Anastasia's Violin

The Newsletter of Violinist Anastasia Khitruk

Volume I Number 1ImageSummer 2006

Internationally renowned violinist Anastasia Khitruk is being lauded internationally for the new Naxos release, CD 8.570028 of her performances of the solo violin music of Ivan Khandoshkin (1747-1804), who was not only the first great Russian violin virtuoso but was also, as Anne Mischakoff Heiles points out in her liner notes to this CD, "one of the most remarkable composers in the first century of Russia's secular musical life."

The selections on this disk are Khandoshkin's Violin Sonata in G minor, Op. 3, No. 1, Violin Sonata in E flat major, Op. 3, No. 2, Violin Sonata in D major, Op. 3, No. 3 and 6 Old Russian Songs. Many of Khandoshkin's lovely works, employ folk themes that have inspired generations of Russian composers.

International critics have been unanimous in their praise of the recording. Geoffrey Norris of The Daily Telegraph in London, England, wrote. "The music actually written by Russian composers in the 18th century, as opposed to the vast quantities imported from Italy, France and elsewhere, is not an area frequently explored on disc (or in the concert hall, for that matter), so this programme of works by Russia's iconic virtuoso violinist Ivan Khandoshkin (1747-1804) makes an unusually constructive contribution."

"Khandoshkin learned his craft from Italian masters, and, although of a generation before Paganini, wrote music that exploited bravura in terms of technique and explored the violin's capacity for varied tonal colour and lyricism. Sometimes that lyricism derives from folk song, as in the finale of his G minor Sonata Op 3 No 1 or in the arrangements of old Russian tunes; at others, as in the opening andante of the E flat Sonata Op 3 No 2, it has simple classical contours."

"Anastasia Khitruk, with accompanying viola or cello in the 6 Old Russian Songs, has full command of Khandoshkin's demands, not just in the athletics but in the tenderness of expression that was also a fundamental characteristic of his writing."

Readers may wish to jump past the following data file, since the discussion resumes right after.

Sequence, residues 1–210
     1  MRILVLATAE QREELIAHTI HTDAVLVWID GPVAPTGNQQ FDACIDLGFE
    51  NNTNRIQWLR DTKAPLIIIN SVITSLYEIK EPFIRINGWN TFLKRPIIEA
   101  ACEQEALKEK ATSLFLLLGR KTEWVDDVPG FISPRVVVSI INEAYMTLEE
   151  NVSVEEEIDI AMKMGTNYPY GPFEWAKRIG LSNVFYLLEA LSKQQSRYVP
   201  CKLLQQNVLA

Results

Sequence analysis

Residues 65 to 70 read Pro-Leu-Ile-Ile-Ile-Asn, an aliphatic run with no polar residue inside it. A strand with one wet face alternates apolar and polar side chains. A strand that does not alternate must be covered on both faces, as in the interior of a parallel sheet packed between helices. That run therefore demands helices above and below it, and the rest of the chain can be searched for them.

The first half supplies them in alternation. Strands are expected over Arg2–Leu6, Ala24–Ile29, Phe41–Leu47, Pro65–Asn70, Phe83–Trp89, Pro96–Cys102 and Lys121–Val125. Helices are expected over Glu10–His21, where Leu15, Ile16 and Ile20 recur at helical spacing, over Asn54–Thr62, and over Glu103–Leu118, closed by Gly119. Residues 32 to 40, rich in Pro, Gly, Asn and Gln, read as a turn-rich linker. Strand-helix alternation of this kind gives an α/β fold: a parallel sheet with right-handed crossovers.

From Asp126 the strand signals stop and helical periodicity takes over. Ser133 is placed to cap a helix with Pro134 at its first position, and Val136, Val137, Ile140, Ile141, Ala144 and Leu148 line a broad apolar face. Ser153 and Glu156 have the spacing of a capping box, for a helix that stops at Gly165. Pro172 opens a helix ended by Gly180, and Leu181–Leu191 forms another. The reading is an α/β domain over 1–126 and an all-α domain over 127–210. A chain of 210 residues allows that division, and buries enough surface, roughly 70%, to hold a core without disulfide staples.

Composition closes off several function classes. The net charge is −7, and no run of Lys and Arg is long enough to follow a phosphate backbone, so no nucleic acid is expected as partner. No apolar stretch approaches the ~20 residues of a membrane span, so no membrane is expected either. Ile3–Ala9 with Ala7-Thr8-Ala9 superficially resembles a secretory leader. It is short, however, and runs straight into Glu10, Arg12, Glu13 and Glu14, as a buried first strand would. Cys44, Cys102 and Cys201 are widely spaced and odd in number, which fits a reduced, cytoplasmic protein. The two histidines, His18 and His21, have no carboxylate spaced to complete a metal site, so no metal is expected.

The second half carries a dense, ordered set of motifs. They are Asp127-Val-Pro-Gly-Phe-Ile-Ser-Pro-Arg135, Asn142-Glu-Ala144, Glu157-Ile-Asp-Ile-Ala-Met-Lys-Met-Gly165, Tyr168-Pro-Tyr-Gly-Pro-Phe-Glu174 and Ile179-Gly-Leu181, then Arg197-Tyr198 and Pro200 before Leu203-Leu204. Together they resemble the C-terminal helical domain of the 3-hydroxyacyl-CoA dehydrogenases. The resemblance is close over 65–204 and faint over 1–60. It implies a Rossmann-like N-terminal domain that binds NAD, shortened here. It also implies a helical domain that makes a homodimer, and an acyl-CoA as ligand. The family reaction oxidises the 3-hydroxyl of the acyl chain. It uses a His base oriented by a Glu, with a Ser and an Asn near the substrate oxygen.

The Toronto Star's John Terauds wrote, "Anyone who saw the Catherine the Great show at the Art Gallery of Ontario last year knows that the 18th-century Russian monarch liked everything big, ornate and conceptually simple. The same applied to music such as this collection of the Violin Sonatas and six arrangements of Russian folk songs by her Kapellmeister Ivan Yevstafyevich Khandoshkin (1747-1804). The three sonatas offer finger and bowing gymnastics for unaccompanied violin."


"Young Russian émigré Anastasia Khitruk does a fabulous job of capturing the music's spirit...."

Jonathan Woolf of Music Web International wrote, "Khandoshkin usually receives a respectful paragraph in standard violin histories...In the G minor solo sonata the level of accomplishment is decidedly high and the technical demands incessant. He was particularly fond of arpeggiated writing which, accompanied by a battery of ostinati and quadruple stopping (unnecessarily complicated one would have thought unless it was to parade his own command), gives the sonata a dramatic and tensile quality. The quality one is left with, above these and other features, is however the ornamental one..."

The E flat major sonata is less of a show-piece, though the decorative writing is again a constant feature. The most consistently impressive of the movements is the finale with its bluntly accented rhythms, which generate a fine Russian dance drive. In the Minuet of the D major we find a rather vocalised kind of melodic line, very attractive, and some fine noble phrasing amidst the virtuosic flair that informs it. He certainly had a flair for dramatic characterisation as the finale of this sonata demonstrates. Soloist Anastasia Khitruk varies her dynamics here to fine effect.

"For the 6 Old Russian Songs she is joined in the first by the viola and for the remainder by the cello. They're strongly tinged by folk influence and are simple in melodic outline. As ever Khandoshkin gives vent to his penchant for over-decorative gilding but the ebullience and feeling can't be denied. I was most taken by the melancholy of the third song Little dove why do you sit so sadly? which brings out the best in the composer, forcing him to limit excessive ornamentation."

"The performances are excellent. Khitruk has the measure of this demanding music and plays it with panache."


For more information about Anastasia Khitruk, including a bio, discography and more, please her new website at

You can also contact Jeffrey James Arts Consulting at 516-586-3433 or

You can download a .pdf version of this newsletter here.

Jeffrey James Arts Consulting
Jeffrey James,   President
45 Grant Ave.
Farmingdale, NY 11735
Tel & Fax: 516-586-3433   E-mail:

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